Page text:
Why dads with girls should be happier… or should they?
There’s very little in life that is more rewarding, more satisfying or more fulfilling than being a dad.
There’s also very little in life that’s more frustrating, frightening and shit-scary either.
Yin and Yang, sugar and spice, swings and round-a-bouts.
The challenges are many, the changes in lifestyle dramatic, and they usually come without warning. You find yourself at the bottom of what will soon reveal itself to be a very steep learning curve.
I still recall the day we left the hospital with our firstborn– and the sage advice our doctor gave us as he waved us off into our new future. “When you get home, you’ll see the words: ‘No Returns or Exchanges’ printed on her bum. Also, there’s no instruction manual. Good luck!”
And with that, we were parents.
In the following years we added another two ‘Pinks’ to the fold (if you already have two girls, you have a far higher chance of adding more girls to your brood) and things got interesting. Talking to blokes who had all boys, I realised there were stark differences between the two. (Apart from the obvious.)
For instance, when asked what her household was like with an all-male makeup, a friend said: “Life is just one long wrestling match punctuated by farts.”
Ours, on the other hand, is a bit like a never-ending musical performed in an ever-changing costumery of feathers, sequins, princess outfits and – incongruously – odd socks.
But you get the picture? Boys and girls, despite the best intentions of feeble-minded social engineers, are very different. Embrace the reality.
This is not to say that girls fight less, get along better with each other or have better table manners. Mine certainly do not. But they are designed, built and hard-wired differently. Maybe even better. I’m the sole X-Y in a house dominated by perfume and bath-bombs so I’m perhaps a bit biased. But the sooner you accept the truth, the sooner you’ll be prepared for what’s to come later in life.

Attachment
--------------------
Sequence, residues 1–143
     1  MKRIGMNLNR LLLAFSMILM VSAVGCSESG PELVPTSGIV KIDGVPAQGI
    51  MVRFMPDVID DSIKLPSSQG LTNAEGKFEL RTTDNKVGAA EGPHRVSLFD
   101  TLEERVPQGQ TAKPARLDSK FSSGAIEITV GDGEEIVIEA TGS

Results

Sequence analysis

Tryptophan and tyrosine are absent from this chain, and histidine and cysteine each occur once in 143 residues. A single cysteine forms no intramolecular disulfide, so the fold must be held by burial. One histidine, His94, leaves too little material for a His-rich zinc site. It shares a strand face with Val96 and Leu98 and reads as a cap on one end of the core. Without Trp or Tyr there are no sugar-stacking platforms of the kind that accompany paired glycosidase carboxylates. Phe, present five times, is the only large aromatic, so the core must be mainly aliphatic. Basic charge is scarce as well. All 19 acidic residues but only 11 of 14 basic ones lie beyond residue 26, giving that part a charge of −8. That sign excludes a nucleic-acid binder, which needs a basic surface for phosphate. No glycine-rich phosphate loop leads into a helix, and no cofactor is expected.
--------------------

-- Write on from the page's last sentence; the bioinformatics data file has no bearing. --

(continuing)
And come it will. Girls react and respond to things very differently. Whether it’s the dramas of the day, struggling with homework or changing friendships, girls are usually more likely to share and seek guidance or just a sympathetic ear – usually their mother’s.
Boys and girls, despite the best intentions of feeble-minded social engineers, are very different.
Boys, I’m led to believe, will range between ‘sorting it out myself’ to ‘what homework?’
I believe that at least knowing what’s going on is, in the long run, a better starting point to successful resolution.
It’s this ‘sharing’, the honest and open exchange of stories that seems to make the journey all the more satisfying. Despite the trials and tribulations, tears and tantrums and extended periods of ‘cold-shouldering’, girls appear to see a valued role model in their fathers more so than boys do theirs. Even if I’m wrong, here’s the final argument for the defence.
Even if I’m wrong, here’s the final argument for the defence.
Girls – I’m reliably led to believe – are far more likely to take good care of their parents in old age. Now, whether that manifests itself in more frequent ‘how are you?’ phone calls or thoughtfully selecting a decent place to dump you in when you need your nappies changing, that’s a rather comforting thought. For whatever reason, girls seem to be hard-wired to better care for you when you most need it. Hopefully, that’s also a comforting thought for those of you with at least one daughter.
For those with just boys? Remember: ‘No Returns, No Refunds.’ Good luck!
Recent McDonald’s campaign showcases fathers’ love for their daughters.
That said, let’s place your kids in their teens.
In many ways, raising girls is far more stressful.
Example: when boys have a disagreement with their mates it usually last no longer than the time it takes to call each other a few names, question each other’s sexuality and perhaps attempt to land a couple of punches – or laughable air-swings.
With girls, not only is the most seemingly innocuous slight taken so personally as to result in a session of teariness fit to saturate the Sahara, but sides are taken, allegiances switched and permanent battlelines drawn.
Take it from me. This shit can last throughout the middle or senior years of both primary and secondary school.
Even if you’re lucky enough to avoid any or all of these events, there is still a time – and it is coming – when fathers of girls come to a sudden and frightening realisation. It kicks in about the age you yourself were at when you ‘discovered’ girls.
When you have a son, you have just one dick to worry about. When you have a daughter you have EVERY dick to worry about!